"Not so," replied the mermaid. "I cannot live in your cold land. I cannot bide your black rain and your white snow. And your hot sun and smoky fires would wizen me up in a week. Come with me, my bonny lad. I’ll make you a chief among the Finfolk. Come away, come away with me."
"Oh, no," said Johnny. "You cannot entice me – I was not born yesterday. But come you to my stately house at Volyar. There I have plenty of gear; I have cows and sheep. I will make you mistress of all my store. Never shall you want for what I can give you."
But the mermaid shook her head.
"Come, come now with me, my bonnie man. I will set you in a crystal palace under the sea. There the sunbeams never blind, there the winds do not blow, and the raindrops never fall. Oh, come away with me, and be my love, and we shall both be happy as the day is long."
"It is for the lass to follow the lad," said Johnny Croy. "Just come away and bide with me, my darling Gem-de-Lovely." So there they stood, each tempting the other. And the longer they gazed, the better they loved. But at last Gem-de-Lovely saw folk coming far airway. Bidding Johnny farewell, she swam out to sea, singing mournfully, "Alas, alas. My golden comb. Alas, my bonnie man."
Johnny watched her go, her golden locks shining over her white shoulders like sunbeams glinting over sea-foam. Then he went home with a sore heart but carrying the treasured golden comb.
His mother was a Spae-Wife - a wise woman - and Johnny Croy told her his tale and asked her advice.
"Great fool that you are!" said his mother sharply. "To fall in love with a sea maid when any land lass would be glad of you! But men will be fools all the world over. To bring this sea wife to you, you must keep her comb well hidden; it is her dearest treasure. Keep it, and you have power over her. But be wise, my son. Take my advice. Cast the comb into the sea, and forget her. The folk of the sea are not of God’s people."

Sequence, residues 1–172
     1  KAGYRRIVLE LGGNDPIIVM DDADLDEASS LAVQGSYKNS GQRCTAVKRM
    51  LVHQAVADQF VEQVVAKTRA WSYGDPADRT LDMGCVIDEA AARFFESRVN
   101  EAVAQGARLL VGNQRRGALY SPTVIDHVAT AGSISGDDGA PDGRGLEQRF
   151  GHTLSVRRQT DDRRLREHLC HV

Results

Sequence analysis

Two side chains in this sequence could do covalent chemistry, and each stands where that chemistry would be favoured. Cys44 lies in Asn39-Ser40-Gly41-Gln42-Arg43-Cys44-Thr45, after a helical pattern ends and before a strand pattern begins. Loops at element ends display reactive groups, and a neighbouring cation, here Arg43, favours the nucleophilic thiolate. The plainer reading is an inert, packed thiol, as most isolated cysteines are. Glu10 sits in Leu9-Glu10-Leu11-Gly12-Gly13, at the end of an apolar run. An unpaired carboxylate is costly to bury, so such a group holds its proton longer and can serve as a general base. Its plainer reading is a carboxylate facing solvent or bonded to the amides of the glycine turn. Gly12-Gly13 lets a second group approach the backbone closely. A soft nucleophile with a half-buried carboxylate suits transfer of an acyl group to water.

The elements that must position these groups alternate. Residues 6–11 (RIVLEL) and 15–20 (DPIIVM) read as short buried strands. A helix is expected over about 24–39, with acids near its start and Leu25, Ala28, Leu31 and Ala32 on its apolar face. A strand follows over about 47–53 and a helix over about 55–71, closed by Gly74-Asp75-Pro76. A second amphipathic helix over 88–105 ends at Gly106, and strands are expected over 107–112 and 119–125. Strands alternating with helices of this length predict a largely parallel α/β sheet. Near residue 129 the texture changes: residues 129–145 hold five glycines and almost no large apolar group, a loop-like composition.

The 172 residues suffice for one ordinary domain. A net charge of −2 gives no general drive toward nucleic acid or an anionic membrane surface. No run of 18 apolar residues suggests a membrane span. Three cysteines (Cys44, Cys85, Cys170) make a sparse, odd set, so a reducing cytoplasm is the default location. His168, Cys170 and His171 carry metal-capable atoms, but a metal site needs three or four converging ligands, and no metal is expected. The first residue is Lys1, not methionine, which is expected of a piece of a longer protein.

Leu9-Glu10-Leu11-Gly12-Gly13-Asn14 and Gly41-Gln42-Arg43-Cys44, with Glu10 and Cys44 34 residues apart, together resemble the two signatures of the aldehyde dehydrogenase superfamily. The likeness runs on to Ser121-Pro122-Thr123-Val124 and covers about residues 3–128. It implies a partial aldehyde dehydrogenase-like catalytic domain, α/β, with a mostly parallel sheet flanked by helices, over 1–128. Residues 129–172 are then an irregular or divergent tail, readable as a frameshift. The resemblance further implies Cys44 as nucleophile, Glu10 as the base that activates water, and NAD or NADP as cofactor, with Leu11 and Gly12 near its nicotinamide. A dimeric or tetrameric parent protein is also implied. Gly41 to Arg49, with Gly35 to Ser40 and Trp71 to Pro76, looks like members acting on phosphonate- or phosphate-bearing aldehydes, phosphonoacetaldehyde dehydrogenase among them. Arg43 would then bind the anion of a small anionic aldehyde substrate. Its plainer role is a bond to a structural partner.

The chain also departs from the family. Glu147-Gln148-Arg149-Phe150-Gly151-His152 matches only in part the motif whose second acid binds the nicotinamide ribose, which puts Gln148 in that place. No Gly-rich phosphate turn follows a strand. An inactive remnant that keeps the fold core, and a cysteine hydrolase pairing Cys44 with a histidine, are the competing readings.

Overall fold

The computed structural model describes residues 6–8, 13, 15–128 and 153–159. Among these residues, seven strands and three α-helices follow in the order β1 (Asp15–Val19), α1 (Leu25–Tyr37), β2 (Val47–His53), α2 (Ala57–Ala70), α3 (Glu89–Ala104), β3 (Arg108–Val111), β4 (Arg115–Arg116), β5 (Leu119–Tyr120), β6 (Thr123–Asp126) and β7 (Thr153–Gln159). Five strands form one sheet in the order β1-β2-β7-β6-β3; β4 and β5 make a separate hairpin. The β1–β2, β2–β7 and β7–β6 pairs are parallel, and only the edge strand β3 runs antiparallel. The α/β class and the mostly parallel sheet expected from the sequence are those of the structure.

But Johnny Croy could not do that.
"Then," said Grannie Croy, "she may make a bright summer for you, but it will end in a woeful winter. I have seen that you will ride your own road, though you sink in the quagmire at its end. Only one I can save – I would it were you, my son. But what will be, will be."
Well, Johnny went about his work like one bewitched, thinking all the while of his Gem-de-Lovely and the cautionary words of his mother. But he put the comb up safely for all that.
Then came a night when he could not sleep for thinking of his lost love. Towards morning he dozed and at day-break was wakened by beautiful music.
He lay a while as if enchanted - it was the voice that he had last heard at the shore.
Opening his eyes he saw that Gem-de-Lovely was sitting at the foot of the bed, the most beautiful being that ever gladdened a man’s eyes. Her face was so fair, her hair so gleaming, and her dress so splendid that Johnny took her for a vision and tried to say a prayer. But never a word of prayer came to his lips.
"My bonnie man," said the mermaid, "I’m come to ask again for my golden comb. I’m come to see if you will live with me in my crystal palace under the waves."
"‘No," said Johnny. "No, that I cannot do. But unless you bide with me now and be my loving wife, my